4. Keep Yourself Occupied
Bear in mind that not using cannabis will leave you with extra time on your hands. That makes it essential to find something to keep you occupied. You could try new forms of exercise, such as running, indoor climbing, or yoga. Finding a nice creative hobby can work wonders too. It will prevent you from getting bored and tempted to turn back to that weed habit. Perhaps more importantly, it can give you a sense of doing something constructive with the time you manage to free up, and perhaps pick up some new skills along the way.
During Your Tolerance Break: Handling Cannabis Cravings
No matter whether you consumed a little weed or lots of it, it will have had some effect on you. For some, it’s about the relaxed feelings it brings; for others it’s a means to control anxiety or a source of cheer. That means taking a temporary break can make feelings of boredom, anxiety, or irritation resurface.
Even if you were just using cannabis for fun, for the flavour, or out of sheer habit, your tolerance break is bound to trigger moments when the longing for some weed (‘just a few quick puffs…’) suddenly seems overwhelming. This is most likely to happen on moments and in situations where you’d normally be likely to light up. You can try to avoid these situations of course, but you are bound to run into these fleeting moments of deep cravings one way or another.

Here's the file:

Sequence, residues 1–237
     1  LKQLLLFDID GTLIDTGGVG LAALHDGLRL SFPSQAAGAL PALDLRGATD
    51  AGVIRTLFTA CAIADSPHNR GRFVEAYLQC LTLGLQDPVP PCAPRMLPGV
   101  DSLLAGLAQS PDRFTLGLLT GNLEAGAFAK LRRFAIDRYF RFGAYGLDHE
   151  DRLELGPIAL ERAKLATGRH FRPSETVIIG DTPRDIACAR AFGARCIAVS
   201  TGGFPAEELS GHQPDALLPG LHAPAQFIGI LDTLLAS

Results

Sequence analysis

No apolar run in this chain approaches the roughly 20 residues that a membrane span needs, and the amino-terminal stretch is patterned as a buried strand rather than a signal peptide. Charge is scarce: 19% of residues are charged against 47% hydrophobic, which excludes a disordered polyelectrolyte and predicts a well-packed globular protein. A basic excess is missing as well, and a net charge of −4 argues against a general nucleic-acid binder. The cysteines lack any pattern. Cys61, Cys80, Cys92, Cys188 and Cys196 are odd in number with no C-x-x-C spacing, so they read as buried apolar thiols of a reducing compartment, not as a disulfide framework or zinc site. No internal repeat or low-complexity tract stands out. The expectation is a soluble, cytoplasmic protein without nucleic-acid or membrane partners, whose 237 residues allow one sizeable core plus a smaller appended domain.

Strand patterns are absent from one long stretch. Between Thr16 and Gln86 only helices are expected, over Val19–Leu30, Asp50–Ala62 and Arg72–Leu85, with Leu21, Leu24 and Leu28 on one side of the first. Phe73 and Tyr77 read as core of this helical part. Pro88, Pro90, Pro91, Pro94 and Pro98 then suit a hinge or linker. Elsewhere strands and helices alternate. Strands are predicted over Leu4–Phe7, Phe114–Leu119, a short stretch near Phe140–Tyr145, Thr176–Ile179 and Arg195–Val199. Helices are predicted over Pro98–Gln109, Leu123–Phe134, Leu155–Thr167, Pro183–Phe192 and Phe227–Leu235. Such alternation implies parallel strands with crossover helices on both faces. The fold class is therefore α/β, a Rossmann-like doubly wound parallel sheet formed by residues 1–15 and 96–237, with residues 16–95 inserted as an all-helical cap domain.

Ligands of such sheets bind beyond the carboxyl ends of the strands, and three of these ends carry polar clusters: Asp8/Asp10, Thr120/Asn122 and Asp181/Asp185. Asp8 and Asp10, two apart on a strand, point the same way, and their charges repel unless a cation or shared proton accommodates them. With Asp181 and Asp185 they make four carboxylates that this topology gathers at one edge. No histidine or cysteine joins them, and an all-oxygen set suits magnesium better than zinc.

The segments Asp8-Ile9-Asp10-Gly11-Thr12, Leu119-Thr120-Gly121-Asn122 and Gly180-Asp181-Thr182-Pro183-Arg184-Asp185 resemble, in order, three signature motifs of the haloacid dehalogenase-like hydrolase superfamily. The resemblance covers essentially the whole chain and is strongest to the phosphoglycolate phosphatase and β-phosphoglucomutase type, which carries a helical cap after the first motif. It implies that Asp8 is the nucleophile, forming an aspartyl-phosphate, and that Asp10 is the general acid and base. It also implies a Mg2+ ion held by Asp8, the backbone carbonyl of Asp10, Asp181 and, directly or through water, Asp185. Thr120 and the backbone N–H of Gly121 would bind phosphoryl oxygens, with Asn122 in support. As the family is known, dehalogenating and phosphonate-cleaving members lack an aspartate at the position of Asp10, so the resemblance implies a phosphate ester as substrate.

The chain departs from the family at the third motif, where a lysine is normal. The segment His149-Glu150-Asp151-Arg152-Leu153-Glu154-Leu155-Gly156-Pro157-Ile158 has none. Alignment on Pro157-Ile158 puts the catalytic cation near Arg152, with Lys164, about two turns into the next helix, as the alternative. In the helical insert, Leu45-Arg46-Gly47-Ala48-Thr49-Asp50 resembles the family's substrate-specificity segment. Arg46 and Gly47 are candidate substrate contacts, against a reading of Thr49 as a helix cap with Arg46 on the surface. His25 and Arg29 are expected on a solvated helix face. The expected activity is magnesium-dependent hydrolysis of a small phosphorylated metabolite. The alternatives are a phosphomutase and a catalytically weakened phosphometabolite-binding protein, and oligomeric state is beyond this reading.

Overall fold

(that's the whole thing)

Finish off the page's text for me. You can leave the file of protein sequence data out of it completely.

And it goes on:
And yet, finding ways to handle these moments of temptation is a key positive challenge during your cannabis tolerance break. Even though you may dread the prospect of these cravings, knowing what lies ahead is a big advantage. Use it to anticipate the challenge, and think about how you can make it through these difficult moments. It will strengthen you in your resolve to resist temptation whenever it presents itself.
The first few days of a tolerance break can be particularly tough. Many people indicate that the fourth day is the hardest. If you feel the urge to quit your tolerance break, resist it. You can make it through these first few days, and from there on, things will start to get easier. The following tips can hep you deal with cannabis cravings and overcome the desire to quit your tolerance break prematurely.